More kudos to  for anticipating the backlash against government surveillance and their push for encryption of private the next 2-3 years, I see privacy of digital devices as the #1 selling point for a tech company.

    2. exactamundo.

      so while they sucker us into manufacturing our stuff over there, they not only get to steal our technology, but also – i would guess – have the opportunity to insert backdoors into out technology which they will be able to exploit once it is back on american soil.

      remember lenin’s words

      “the capitalists will sell us the very rope we will use to hang the”

        1. oh, now botty, let us not be too dogmatic…

          after all they did beat us into space with sputnik and yuri gagarin.

          now true enough they did it aided by captured nazi scientists, but isn’t that how we got there too? just take a look at the 1950’s huntsville alabama phone book.

          not to mention our economy coming out of ww ll amounted to 50% of the entire world economy, and russia ?…. not quite so much. they lost 20 million people and we lost 400,000

          might have been some very innovative people lost to the world, on either side.

          give the devil his due.

          1. In general, I agree, although with respect to the space programme, Americans poached pretty much the entire scientific capacity of the Nazi Germany (headed by Werner von Braun), which was the main reason for their successful participation in the space race. Soviets had practically no Nazi German scientists on their team; Korolyov was their equivalent of W. von Braun, and many argue, had he lived for a few more years, the Soviets would have been the first to the moon as well (in addition to all prior first: first in space, first in orbit, first space walk, first rendez-vous, longest space flight…).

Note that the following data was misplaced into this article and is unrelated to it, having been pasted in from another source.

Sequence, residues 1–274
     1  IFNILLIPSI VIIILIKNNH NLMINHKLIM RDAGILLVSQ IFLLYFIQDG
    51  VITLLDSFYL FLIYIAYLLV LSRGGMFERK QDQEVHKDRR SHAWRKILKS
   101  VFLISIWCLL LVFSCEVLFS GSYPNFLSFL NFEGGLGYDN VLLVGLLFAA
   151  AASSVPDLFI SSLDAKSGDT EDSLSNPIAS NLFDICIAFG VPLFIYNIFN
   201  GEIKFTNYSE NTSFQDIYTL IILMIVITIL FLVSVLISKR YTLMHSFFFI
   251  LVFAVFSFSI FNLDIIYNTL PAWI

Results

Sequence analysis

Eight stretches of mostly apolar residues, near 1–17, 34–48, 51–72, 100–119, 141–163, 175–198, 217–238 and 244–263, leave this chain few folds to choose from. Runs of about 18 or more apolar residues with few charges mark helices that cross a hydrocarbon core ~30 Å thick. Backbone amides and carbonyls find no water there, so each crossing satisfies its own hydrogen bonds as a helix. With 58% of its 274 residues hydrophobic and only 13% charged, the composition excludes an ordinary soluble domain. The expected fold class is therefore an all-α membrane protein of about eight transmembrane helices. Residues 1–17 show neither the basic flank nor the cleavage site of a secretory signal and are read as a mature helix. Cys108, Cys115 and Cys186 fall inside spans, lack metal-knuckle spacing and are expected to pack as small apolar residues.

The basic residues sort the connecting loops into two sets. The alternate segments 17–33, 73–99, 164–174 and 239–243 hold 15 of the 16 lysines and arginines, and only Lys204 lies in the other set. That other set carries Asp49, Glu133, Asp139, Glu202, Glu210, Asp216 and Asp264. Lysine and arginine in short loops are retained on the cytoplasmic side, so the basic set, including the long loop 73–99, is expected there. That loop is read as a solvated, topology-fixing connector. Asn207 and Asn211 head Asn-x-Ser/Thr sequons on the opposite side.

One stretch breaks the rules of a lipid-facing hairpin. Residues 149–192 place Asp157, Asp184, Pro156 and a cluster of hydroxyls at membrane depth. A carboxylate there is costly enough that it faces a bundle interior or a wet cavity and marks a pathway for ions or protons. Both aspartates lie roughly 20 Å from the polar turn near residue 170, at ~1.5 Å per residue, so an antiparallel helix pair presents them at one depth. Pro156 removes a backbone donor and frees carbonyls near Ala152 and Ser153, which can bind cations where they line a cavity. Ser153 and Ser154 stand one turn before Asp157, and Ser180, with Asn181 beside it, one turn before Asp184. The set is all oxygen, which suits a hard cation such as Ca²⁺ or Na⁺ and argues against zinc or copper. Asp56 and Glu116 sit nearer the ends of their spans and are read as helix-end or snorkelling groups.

1. Based upon my knowledge of Soviet space history, their Moon program was unlikely to result in successful and reliable human lunar missions. They adopted the approach of clustering smaller engines to achieve greater liftoff thrust. However, that approach scales poorly in terms of complexity and risk. When you have two or three dozen engines on your first stage, the likelihood of a catastrophic engine failure propagating into loss of vehicle is significantly increased. In addition, the complexity of engine interactions is increased in the base area of the rocket. The American approach that used a cluster of five, much larger F-1 engines proved to be a wiser choice. And even that much simpler engine configuration proved to be challenging in terms of pogo and base recirculation, heating, and vibroacoustics.

            2. I’ll most certainly take your word on that one; I know next to nothing on the subject matter, and you clearly sound like you know what you’re talking about.

              What I can say is (generally in agreement with you) that the Soviets would have likely needed a lot of luck in order to pull it off. Their programme generally had much narrower safety margins than the NASA’s.

    1. I certainly feel safer knowing that every innocent citizen is being watched by the hawks. The Constitution didn’t foresee the dangers of that dread day when free speech would mean people could talk to each other privately over a network.